Quantum dots

Toby Howard

This article first appeared in Personal Computer World magazine, September 1999.

TIME IS RUNNING OUT for silicon chips as we know them. Although rapid advances in manufacturing technology are bringing us smaller, faster, cheaper and more densely-packed chips, there's a fundamental physical limit looming. And when we hit it, reckoned to be around 2020 or so, we'll need to turn to a quite different technology if computers are to continue to grow in speed and shrink in size. Recent research results are pointing to a novel computer technology that needs almost no power, operates at speeds we can only dream about today, and is vanishingly small.

The new approach is dauntingly named "quantum cellular automata", QCA for short, and it's implemented on a semiconductor chip using gallium arsenide technology. QCA's basic component is a "cell", which contains four "quantum dots", arranged in a square pattern. A quantum dot is a kind of artificial atom, which provides a comfortable spot for a passing electron to rest in. During manufacture, two free electrons are inserted into the cell. The electrons can move around within the cell, but can't escape from it. Because they repel each other, the electrons try to get as far apart as possible, and end up sitting on diagonally-opposed quantum dots. This leads to two possible configurations for the cell - whcih can represent a "0" or a "1". Effectively, each cell is a memory element holding one bit. Incredibly, you can actually see an image of electrons in a quantum dot.

Something interesting happens when you place these cells very close together, in a line from left to right. Suppose we give the first cell on the left a tiny electrical nudge to set it to encode a "1", with its electrons sitting on the top-right and bottom-left dots. Although the electrons can't leave the first cell, their charges are felt by the electrons in the next cell along, which get repelled to its top-right and bottom-left dots. So, the second cell is now also a binary 1. As more cells are lined up, the same thing happens, like a collapsing line of dominos. What you effectively get is a "wire", where the state of the last cell in the wire is a copy of the state of the first cell. In this case a "1" has been transmitted down the wire, but in contrast to a conventional wire no current has actually flowed. You can experiment with a nice java animation of this effect on Craig Lent's QCA pages .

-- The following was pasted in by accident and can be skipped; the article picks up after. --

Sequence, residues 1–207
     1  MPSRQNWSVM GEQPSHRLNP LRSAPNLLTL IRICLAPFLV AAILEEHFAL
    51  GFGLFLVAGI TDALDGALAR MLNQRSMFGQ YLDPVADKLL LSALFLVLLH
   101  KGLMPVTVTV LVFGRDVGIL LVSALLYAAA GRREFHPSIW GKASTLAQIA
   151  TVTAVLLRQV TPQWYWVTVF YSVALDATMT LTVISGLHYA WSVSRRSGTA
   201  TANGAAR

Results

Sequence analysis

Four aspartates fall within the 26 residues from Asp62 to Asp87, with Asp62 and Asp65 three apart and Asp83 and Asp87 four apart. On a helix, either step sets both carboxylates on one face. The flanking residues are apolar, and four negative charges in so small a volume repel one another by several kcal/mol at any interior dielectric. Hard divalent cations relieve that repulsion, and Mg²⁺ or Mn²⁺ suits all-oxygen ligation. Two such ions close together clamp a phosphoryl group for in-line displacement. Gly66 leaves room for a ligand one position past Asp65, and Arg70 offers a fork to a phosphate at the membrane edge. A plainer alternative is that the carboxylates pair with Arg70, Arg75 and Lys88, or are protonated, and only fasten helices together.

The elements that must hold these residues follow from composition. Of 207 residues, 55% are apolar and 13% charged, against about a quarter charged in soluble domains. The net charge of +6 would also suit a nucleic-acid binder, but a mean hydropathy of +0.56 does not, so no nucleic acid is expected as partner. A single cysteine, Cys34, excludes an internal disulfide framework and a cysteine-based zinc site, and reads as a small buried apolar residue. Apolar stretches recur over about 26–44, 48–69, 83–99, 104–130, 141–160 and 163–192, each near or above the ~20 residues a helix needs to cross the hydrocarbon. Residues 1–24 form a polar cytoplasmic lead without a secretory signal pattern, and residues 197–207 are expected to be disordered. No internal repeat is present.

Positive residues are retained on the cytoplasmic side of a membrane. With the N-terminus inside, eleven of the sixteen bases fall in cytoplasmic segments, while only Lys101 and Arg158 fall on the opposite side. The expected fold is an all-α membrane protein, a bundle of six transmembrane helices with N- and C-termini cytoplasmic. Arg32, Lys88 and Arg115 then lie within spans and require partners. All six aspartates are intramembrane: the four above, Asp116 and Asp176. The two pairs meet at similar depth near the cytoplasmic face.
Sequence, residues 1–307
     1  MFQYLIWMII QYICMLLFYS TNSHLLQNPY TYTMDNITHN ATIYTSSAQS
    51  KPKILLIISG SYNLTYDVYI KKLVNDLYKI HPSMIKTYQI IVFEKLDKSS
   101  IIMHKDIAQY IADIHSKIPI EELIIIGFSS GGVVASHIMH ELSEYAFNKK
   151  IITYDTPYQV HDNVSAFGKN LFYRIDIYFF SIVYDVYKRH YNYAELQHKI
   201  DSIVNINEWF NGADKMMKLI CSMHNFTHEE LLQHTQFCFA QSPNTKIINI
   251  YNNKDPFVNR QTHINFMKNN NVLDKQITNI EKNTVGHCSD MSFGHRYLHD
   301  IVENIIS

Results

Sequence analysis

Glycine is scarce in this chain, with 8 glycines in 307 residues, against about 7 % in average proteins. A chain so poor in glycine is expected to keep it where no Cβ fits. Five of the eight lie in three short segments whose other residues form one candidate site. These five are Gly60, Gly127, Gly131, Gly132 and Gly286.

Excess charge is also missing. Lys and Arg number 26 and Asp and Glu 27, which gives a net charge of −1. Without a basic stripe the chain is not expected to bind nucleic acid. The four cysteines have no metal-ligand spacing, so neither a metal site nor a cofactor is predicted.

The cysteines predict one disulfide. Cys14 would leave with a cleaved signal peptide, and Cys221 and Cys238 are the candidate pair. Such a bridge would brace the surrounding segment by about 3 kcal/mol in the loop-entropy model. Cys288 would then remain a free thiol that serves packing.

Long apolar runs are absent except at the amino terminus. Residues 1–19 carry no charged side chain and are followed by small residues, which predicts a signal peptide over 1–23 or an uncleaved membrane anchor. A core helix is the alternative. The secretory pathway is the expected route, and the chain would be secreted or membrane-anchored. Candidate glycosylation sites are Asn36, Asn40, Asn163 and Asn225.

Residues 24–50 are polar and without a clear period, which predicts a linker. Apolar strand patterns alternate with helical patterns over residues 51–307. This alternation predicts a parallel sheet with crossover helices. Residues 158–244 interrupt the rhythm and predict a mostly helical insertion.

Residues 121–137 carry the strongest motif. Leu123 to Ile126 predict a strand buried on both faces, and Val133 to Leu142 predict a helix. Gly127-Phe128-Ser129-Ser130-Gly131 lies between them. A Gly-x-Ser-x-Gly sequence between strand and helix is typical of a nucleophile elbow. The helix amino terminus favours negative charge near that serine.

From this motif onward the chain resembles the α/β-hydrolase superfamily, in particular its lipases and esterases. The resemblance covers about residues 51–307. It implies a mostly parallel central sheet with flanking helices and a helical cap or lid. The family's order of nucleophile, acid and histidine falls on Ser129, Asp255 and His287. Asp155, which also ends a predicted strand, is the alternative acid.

Taking the principle further, groups of cells in arrays and other configurations can be used to perform the basic logic functions of AND, OR and NOT. And crucially, logic elements can be interconnected using the current-less QCA wires. Recent work at Indiana's Notre Dame University has demonstrated that this really does work.

What makes QCA so exciting is that it operates on an incredibly tiny scale, allowing vast numbers of logic elements to be crammed into chips. And because it requires only miniscule power to prod a cell into an initial configuration, after which the domino effect performs the computation with almost no power dissipation, QCA chips will run cool.

For now, QCA exists only in research laboratories. There are many unsolved practical problems, not least of which is the slightly annoying constraint that current systems only work at temperatures just above absolute zero. A QCA-based notebook PC might run forever on a single tiny battery, although lugging around enough liquid helium to keep it cool enough might be awkward. But researchers are optimistic that room-temperature QCA will eventually be possible, and then we'll have some seriously cool hardware. And by 2020, you never know, we might even have some seriously cool software. But I kinda doubt it.

Toby Howard teaches at the University of Manchester.